When you combine the word “Travel” with “Hostel”, perhaps you would immediately think of young backpackers on a budget combined with late night celebrations. However, this is only partly true.
A good number of patrons at hostels are of older, middle-class backgrounds. Some of them are couples on vacation and some are small businessmen seeking a reasonable accommodation for more than a few days, combined with social evenings.
If you don’t mind all the sharing, hostels provide a unique experience. If you are fortunate to have good roommates, you will at least part as friends by the end of your stay.
Hostels have changed very much over the decades because the size of rooms and the number of people per rooms have become smaller. While sharing rooms with strangers is prevalent at hostels in Asia and Europe, the opposite has been true for the United States and Canada, but this too is changing.
Are there Hostels in the United States and Canada?
Hostels and shared short-term accommodations in the United States and Canada do exist in urban centres such as Toronto, Vancouver, Montreal, New York, Los Angeles, Miami and Chicago.
You need to be aware that not all properties advertising as hostels in the United States and Canada are truly as such. They are in-fact Student Housing/Co-op/Dormitories operating as a hostel when resident students are on their summer-break. This is especially true for Canada, where summer breaks in universities and colleges last four months between May and August.
Many discussion threads online come to the conclusion that Hostels are unpopular in the United States and Canada because of the vast distances, the lack of cheap public transport infrastructure, and therefore the dependance of car ownership : but this is not entirely true.
In North America, motels are usually considered to be a cheaper alternative to hotels. Motels also provide a sense of privacy as they allow you to exit your room and hop strait into your car without stepping foot in the lobby. Even when on a shoe-string budget, American and Canadians backpackers tend to value privacy over sharing.
Hostels in American and Canadian downtowns also suffer form high operating costs. During peak tourist season, they need to charge as much as a downtown hotel room to stay afloat and competitive.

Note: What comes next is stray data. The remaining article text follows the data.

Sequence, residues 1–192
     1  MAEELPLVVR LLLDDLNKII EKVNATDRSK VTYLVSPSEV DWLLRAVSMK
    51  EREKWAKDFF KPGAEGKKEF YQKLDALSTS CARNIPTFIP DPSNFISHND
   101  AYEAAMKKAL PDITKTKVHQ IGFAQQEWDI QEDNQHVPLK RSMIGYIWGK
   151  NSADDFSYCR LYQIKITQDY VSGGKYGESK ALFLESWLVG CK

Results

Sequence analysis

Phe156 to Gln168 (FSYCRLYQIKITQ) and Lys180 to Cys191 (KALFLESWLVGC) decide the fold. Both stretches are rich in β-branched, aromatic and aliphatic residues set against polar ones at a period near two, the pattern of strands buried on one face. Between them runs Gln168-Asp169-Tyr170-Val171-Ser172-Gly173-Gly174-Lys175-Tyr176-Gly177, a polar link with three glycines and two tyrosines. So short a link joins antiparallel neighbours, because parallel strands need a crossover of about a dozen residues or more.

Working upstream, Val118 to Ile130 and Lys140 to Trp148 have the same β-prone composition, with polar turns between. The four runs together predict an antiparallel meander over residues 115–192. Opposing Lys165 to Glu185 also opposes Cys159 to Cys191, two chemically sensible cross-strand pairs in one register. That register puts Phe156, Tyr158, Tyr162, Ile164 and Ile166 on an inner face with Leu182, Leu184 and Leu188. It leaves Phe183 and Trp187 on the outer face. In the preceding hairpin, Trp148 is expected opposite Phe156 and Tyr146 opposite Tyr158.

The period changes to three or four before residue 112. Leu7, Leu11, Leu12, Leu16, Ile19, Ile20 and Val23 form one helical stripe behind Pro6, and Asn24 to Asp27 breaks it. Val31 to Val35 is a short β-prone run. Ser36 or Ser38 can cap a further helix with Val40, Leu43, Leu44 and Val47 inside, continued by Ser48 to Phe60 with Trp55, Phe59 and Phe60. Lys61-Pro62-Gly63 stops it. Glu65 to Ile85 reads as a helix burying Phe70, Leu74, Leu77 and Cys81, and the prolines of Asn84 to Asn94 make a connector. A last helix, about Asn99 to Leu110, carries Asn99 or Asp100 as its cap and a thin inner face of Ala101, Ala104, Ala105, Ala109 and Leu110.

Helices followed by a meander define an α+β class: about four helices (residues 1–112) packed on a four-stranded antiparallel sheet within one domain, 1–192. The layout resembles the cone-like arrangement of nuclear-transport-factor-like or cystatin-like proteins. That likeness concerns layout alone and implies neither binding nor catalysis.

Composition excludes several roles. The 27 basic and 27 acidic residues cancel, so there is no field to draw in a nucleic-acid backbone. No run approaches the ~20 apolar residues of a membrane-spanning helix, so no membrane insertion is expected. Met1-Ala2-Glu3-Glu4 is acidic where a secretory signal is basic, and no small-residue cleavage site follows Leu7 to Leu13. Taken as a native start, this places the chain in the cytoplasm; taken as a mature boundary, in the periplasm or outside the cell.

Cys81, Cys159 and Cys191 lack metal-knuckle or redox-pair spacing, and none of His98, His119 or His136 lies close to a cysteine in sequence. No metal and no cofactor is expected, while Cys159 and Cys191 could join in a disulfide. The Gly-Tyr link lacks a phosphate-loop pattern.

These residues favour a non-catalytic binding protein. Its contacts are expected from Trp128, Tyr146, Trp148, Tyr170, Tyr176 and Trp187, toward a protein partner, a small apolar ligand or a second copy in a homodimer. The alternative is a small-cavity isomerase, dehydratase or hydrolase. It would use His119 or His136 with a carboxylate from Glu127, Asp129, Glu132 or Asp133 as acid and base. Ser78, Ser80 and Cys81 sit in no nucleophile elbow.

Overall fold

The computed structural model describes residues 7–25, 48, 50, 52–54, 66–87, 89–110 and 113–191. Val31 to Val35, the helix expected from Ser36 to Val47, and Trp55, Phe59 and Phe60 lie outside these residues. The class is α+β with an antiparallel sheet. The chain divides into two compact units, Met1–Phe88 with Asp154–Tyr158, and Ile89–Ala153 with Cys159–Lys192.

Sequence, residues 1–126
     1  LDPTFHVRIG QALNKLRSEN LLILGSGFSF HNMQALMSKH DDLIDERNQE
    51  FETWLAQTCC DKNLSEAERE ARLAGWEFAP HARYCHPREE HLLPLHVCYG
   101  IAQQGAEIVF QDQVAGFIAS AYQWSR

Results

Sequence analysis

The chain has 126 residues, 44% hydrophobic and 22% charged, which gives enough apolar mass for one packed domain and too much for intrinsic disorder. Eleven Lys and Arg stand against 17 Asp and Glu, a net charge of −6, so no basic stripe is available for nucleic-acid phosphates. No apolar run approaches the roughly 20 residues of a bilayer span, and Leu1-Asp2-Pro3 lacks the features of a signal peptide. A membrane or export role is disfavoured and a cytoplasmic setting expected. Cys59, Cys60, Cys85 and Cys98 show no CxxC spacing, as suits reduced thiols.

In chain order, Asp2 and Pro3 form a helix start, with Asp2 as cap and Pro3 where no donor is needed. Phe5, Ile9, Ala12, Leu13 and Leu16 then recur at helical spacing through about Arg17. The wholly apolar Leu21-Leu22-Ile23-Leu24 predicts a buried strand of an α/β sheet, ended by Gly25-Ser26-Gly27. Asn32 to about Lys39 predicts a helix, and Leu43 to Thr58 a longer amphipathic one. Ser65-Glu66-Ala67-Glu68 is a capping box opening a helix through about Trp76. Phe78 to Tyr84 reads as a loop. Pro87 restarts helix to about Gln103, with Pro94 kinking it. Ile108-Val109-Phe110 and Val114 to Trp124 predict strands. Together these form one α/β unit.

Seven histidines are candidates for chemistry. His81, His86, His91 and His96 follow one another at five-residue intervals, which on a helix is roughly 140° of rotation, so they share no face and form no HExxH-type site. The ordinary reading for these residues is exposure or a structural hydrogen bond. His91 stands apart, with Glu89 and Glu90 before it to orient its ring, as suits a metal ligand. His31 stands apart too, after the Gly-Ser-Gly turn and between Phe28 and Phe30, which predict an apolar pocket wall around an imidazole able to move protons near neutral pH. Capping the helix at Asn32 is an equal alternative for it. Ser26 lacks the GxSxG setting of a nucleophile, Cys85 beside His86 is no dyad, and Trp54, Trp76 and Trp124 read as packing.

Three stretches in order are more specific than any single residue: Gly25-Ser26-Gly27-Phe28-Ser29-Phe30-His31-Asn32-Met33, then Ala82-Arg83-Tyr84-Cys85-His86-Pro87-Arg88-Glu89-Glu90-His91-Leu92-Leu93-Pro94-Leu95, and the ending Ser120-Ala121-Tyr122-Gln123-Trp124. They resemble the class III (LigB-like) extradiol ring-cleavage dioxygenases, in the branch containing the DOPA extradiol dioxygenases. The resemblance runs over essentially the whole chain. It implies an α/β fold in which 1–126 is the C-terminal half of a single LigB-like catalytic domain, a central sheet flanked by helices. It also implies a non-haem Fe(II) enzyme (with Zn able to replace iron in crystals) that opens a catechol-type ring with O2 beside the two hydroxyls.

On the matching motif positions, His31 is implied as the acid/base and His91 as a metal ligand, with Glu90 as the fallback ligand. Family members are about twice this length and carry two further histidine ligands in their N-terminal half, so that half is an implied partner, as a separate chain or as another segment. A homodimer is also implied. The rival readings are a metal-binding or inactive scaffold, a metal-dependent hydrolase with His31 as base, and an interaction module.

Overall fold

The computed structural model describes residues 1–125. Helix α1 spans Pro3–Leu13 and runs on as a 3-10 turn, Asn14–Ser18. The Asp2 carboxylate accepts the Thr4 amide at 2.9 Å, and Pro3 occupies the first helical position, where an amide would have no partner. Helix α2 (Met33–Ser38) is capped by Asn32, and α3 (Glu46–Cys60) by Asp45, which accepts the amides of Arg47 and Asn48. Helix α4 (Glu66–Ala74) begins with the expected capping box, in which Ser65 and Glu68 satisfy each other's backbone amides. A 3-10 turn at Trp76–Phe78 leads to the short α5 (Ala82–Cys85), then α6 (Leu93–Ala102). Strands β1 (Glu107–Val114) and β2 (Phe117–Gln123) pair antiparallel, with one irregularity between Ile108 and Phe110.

The advantage of a hostel over a downtown hotel room
Hostels that are located in the heart of a city’s downtown immediately have the advantage of cost over hotel rooms in the same area. While saving $20 to $30 per night may not seem much, these amounts become significant when you plan to be in the city over the next few days.
Most hostels have a communal kitchen where you have a full size fridge, an electric stove and oven and a microwave. You can save money by preparing your own meals. However, you will have to create some sort of a meal plan before your trip. You will then need to go shopping and stock the fridge and pantry with the ingredients you will need after you check-in.
Some hostels (especially student residences), however, may have only a have a kitchenette wih basic facilities and may not allow any cooking.
One of the highlights of a hostel stay is the social life. When I stayed in hotels on week long business trips, I was bored most evenings being alone. At a hostel, you will inevitably get to meet new people, learn about them and have a much better time than just watching TV and falling asleep.
Hostels and Student Residences in the United States and Canada take security very seriously. They will make sure that the only people on their property are staff and guests. Every visitor is ID’d and their information recorded. You will not be able to get to the elevators and stairs going to your room without security buzzing you in.
Disadvantages of a hostel stay
Hostels are places of sharing and that includes rooms and bathrooms. Hostels in Canada also have mixed-gender rooms and bathrooms. Some places do have female-only showers, however. For the most part, you will encounter polite and well-behaved guests.
If any one does happen to cross a line and that makes you comfortable, security will not tolerate such behavior. Hostels are known to kick-out backpackers who refuse to follow proper etiquette and the house rules.
Most hostels especially in North Amercia are located in busy downtown cores. While you may be secure on the hostel premises, anything can happen in downtown. That is not saying that other parts of the city are any safer. But it is always advisable to watch yourself, be aware of your surroundings and keep away form the less populated streets and alleyways.
Are hostels family friendly?
A short, simple answer: Yes, hostels are family friendly for the most part. But there are properties that have a “No Children and Pets” policy in place.
To start, many hostels have the option of private rooms for single, double and quadruple occupancy. A 4-bed room will feature two bunk beds and plenty of space for everything else. And kids love bunk-beds!
You will only have to share the bathrooms and the showers with everyone else on the floor.
The biggest perk of hostels is their kitchen. Families with children will be able to take full advantage by being able to prepare their own meals and tailor them to their picky eaters.
Take note that hostels do not have a full service house-keepers. You must clean up after yourself every time and make an effort to clean your room yourself.
Make sure you pack the following items
- towels, soaps and shampoo
- laundry bag for dirty clothes
- tupperware for left-over food
- games and toys
Don’t over-pack and bring impractical, over-sized suitcases. Most hostel rooms don’t have such space. Where lockers are provided, they can only fit backpacks and collapsible luggage.
Check out these hostels across Canada and the USA
New York City
I hope this post makes you see hostels in a new light. Do you have any suggestions or comments regarding your experience staying at a hostel? Do share below.